Wednesday, August 22, 2007

Sealing with a sneeze

While reading The Odyssey recently, I was surprised by an unlikely coincidence. The passage comes amidst the conversation between Penelope, wife of Odysseus, and Eumaeus, her most trusted slave, about the beggar who has come to their palace (i.e. Odysseus in disguise):
At her last words Telemachus shook with a lusty sneeze
like a thunderclap resounding up and down the halls.
The queen was seized with laughter, calling out
to Eumaeus winged words: "Quickly, go!
Bring me this stranger now, face-to-face!
You hear how my son sealed all I said with a sneeze?
So let death come down with grim finality on these suitors--
one and all--not a single man escape his sudden doom! (17: 602-609, bolding is mine)

To an American ear, there is nothing peculiar about the above passage. But having been born in Russia, I was struck by the idea that a sneeze (jokingly) symbolizes an affirmation of whatever was said immediately before the oral eruption: Penelope speaks, Telemachus sneezes, and Penelope then laughs at this prophetic confirmation of her speech.

This folk custom is found in exactly the same form in modern Russian culture! Frequently when I sneeze, my mom will say "Pravda!" ("Truth!") as though to verify whatever point is being made in the conversation. I always thought this was a quirk of Russian culture (as far as I am aware, no such "idiom" exists in American lingo) but apparently it dates back to at least Homeric times. It is a nice thought that such jokes can eke out a cultural existence through millennia, but better judgment would say that the sneeze of affirmation is an eccentric cultural coincidence.

Monday, August 06, 2007

Money before mind?

Earlier in the week, an unlikely event occured to me: the working hypothesis for my senior thesis - my hunch - I found to have been already put forth (albeit in a limited form) by another historian. As I stated in a previous post, I am researching why some of the greatest ethicists in history lived within a hundred years of each other across the world (particularly in Greece, China, Israel and India) in the 6th and 5th centuries B.C. I noticed that coinage arose in those societies at around the same time or a couple of centuries before those philosophers. My hunch was that, with the introduction of coinage, something about the abstraction involved in thinking of wealth apart from useful goods (e.g. cows, land, vases) disharmonized the societies, prompting a similar philosophical response to congruous cultural conditions from the ethicists.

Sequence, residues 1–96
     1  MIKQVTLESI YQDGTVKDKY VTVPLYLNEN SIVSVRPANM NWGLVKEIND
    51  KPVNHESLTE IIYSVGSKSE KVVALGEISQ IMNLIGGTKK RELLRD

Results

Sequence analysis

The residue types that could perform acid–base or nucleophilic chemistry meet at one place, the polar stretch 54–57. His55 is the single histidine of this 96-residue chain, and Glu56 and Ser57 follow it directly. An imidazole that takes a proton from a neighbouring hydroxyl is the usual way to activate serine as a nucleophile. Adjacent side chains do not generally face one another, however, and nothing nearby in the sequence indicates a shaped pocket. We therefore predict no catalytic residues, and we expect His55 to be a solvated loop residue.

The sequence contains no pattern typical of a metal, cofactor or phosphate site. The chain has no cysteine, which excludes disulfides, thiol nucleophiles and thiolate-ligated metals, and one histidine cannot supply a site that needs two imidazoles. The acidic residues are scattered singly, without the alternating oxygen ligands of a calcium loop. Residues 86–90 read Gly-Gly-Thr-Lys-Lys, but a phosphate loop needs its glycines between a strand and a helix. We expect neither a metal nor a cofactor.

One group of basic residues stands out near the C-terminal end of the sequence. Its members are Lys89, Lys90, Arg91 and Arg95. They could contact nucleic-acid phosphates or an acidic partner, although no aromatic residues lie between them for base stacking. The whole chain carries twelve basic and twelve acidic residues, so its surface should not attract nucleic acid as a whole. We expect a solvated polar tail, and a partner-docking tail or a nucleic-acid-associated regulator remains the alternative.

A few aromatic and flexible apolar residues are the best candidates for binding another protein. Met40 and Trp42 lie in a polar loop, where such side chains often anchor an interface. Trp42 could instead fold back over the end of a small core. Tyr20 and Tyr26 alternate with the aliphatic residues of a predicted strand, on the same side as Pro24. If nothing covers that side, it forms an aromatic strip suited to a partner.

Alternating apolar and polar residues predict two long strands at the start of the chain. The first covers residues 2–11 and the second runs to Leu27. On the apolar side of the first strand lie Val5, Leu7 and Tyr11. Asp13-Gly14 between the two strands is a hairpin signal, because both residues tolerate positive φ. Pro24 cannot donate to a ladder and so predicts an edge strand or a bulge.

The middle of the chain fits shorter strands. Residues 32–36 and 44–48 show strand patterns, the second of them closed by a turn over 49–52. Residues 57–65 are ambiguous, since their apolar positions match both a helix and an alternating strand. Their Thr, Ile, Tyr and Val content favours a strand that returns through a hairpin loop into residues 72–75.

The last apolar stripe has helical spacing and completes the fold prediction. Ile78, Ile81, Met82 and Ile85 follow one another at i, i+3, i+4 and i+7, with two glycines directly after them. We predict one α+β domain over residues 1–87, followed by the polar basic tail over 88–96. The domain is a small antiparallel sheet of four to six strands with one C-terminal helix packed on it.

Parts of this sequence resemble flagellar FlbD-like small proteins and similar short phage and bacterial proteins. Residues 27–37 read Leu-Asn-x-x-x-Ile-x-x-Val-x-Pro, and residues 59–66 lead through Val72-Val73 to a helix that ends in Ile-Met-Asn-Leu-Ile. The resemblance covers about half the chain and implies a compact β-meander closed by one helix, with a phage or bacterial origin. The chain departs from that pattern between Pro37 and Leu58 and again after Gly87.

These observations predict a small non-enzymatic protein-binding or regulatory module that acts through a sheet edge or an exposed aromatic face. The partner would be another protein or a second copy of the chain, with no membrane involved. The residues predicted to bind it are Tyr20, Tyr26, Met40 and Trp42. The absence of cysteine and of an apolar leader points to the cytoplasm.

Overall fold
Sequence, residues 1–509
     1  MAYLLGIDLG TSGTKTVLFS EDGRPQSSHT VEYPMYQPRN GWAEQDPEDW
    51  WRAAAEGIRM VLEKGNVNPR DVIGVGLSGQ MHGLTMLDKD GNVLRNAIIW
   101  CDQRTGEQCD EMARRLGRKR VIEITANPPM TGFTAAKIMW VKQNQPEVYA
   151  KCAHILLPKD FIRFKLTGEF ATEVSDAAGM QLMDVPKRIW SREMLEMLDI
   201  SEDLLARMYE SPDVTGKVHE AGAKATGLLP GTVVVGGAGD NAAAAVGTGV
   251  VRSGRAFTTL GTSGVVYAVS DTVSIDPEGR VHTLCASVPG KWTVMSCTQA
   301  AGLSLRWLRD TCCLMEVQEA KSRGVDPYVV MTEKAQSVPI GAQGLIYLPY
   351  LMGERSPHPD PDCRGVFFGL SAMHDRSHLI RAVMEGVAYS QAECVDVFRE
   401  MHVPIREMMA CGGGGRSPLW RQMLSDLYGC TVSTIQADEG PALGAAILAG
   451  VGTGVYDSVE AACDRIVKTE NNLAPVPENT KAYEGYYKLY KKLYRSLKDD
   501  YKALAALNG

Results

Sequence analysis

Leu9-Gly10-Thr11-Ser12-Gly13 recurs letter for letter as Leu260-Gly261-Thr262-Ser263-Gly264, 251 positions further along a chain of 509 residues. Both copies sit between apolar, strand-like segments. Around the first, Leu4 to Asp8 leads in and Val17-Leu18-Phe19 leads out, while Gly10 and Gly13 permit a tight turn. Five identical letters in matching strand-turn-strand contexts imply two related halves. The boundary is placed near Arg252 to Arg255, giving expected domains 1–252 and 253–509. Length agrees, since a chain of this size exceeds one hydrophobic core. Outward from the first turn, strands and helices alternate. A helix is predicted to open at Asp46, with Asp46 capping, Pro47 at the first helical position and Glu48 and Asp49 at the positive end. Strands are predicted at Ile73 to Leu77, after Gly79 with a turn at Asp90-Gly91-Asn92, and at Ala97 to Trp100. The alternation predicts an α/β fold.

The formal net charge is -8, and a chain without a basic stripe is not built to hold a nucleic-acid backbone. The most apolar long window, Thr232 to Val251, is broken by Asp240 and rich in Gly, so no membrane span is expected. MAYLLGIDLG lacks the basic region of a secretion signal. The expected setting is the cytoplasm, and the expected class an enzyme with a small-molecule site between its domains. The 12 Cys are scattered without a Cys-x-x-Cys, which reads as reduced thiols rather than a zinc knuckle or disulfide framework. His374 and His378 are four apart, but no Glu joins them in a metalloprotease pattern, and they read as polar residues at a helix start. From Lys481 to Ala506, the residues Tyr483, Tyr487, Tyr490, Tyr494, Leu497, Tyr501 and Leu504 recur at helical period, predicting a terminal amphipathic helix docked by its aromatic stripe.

Last Wednesday, I was consulting with my undergraduate advisor, Prof. Marc Kleijwegt, who lent to me his book, Money and the Early Greek Mind: Homer, Philosophy, Tragedy by Richard Seaford. Judge for yourself how similar the following quote from the book's abstract sounds to my above hypothesis:
How were the Greeks of the sixth century BC able to invent philosophy and tragedy? In this book Richard Seaford argues that a large part of the answer can be found in another momentous development, the invention and rapid spread of coinage, which produced the first thoroughly monetised society. By transforming social relations, monetisation contributed to the ideas of the universe as an impersonal system (presocratic philosophy) and of the individual alienated from his own kin and from the gods (in tragedy).

I have not read Seaford's book yet, but I have a feeling it will be crucial to shaping the focus of my senior thesis. As he has "utilized" my ideas, I look forward to observing and perhaps utilizing the methodology he uses to explore Greek philosophy and then reapplying that to ancient Hebrew, Indian and Chinese thought. My senior thesis is shaping up to be a happy marriage between my two interests in college: ancient intellectual history and economics.

Monday, July 30, 2007

The ocean of beauty